Comparison and contrast
Comfort, Hauskrecht, and Lin (2008) presented a dynamic networking modelling system to guide the process of assessing and managing susceptible risks. In their approach, they viewed the entire strategy as involving a multiplicity of diverse but adaptive process to guide the management of the emergency issue. They believed that the responsibility to protect life and property among other operations in a metropolitan region lies in the idea of managing the interactions between resilience and risk. On the other hand, the ‘all hazards approach” presented by Von Lubits, Beakley, and Patricelli (2008) argues that effective and efficient management of disasters calls for the utilization of knowledge management and refined information because failures in responding to disasters is hampered by issues such as existing disaster management approaches, and a plethora of information. As such, they propose the use of knowledge management and transformation of information to develop networked solutions that might assist the management of disasters. Both models presented by Comfort, Hauskrecht, and Lin (2008) and Von Lubits, Beakley, and Patricelli (2008) depend on integrating several proven approaches to develop a networked approach to guide the process of managing disasters.
Differences and controversies
Speaking of differences, Comfort et al (2008) deals with findings obtained from a section of a metropolitan region in Pittsburg. It employs statistical and spatial analysis techniques under the small-scale case study of the transportation system. On the contrary, Von Lubits, Beakley, and Patricelli (2008) does not rely on a particular case study but it analyzes information related to major disasters that are likely to affect geographical regions. Such differences raise a number of concerns such as the credibility of the non-tested approach in disaster mitigation? Could the dynamic network approach used in a single transportation section be applicable in mitigating disasters from other regions or equally large-scale sectors? This raises the issue of controversies and loopholes associated with such approaches. First, the all network’s approach relies on the analysis of information from a variety of sectors and it ignores the possible of the occurrence of undocumented disasters. The dynamic is controversial from the one-sector approach making it difficult to be applied to other sectors.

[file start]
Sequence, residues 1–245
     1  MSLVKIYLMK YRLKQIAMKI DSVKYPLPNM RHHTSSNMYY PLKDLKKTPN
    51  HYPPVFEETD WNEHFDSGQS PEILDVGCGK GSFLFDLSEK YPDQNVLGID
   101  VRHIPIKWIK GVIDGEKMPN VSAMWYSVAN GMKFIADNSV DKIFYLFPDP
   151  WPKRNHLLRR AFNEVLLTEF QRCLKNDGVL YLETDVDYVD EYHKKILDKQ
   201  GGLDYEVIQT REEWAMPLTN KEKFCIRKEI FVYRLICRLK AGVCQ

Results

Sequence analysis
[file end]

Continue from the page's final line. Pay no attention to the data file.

Key findings and Summary
Comfort et al (2008) is a research study that seeks to explore the efforts that the government puts towards the prevention of disaster and disaster management. It emphasizes on the damage that the disasters have on infrastructure, both social and technological, and the setbacks that the economy faces due to this challenges. Pittsburg is the city of focus since the study views the models put in place to indicate the vulnerability and the sustainability of infrastructure as an aftermath of a natural calamity. Finally, it highlights and gives recommendations on areas that need improvement specifically the emergency response systems.
The Von Lubits, Beakley, and Patricelli (2008) researches into the use of traditional disaster management methods as compared to the more recent research findings and how the two can be combined to produce a usable and more efficient method. The study shows how in the recent past, efforts to reduce loss of life and damage of property has continuously failed showing that there is a gap that needs to be filled with the latest technological improvements. Periodically, it advices that the combination of the network centric operation (NCO) and the Boyd’s OODA loop-based decision making may increase the success rates of disaster management in the future.
Based on the analysis of the two articles, the proposed hazard mitigation measures are effective based on the scope of usage. If only the loopholes and controversies surrounding the models for disaster mitigation identified, policy makers can be able to come up with a hazard and disaster management framework that is applicable to all sectors.
Comfort, K., Hauskrecht, M. and Lin, J. (2008). Dynamic Networks: Modeling
Change in Environments Exposed to Risk. Modeling Change in Environments
Exposed to Risk. 576-585
Von Lubits, Beakley, and Patricelli (2008). All Hazards Approach to Network-centric
Disaster Management: The role of information and Knowledge management,
and Boyd’s OODA Loop in Disaster Leadership. Disasters; the Journal of
Disaster Studies, Policy and Management. 1-29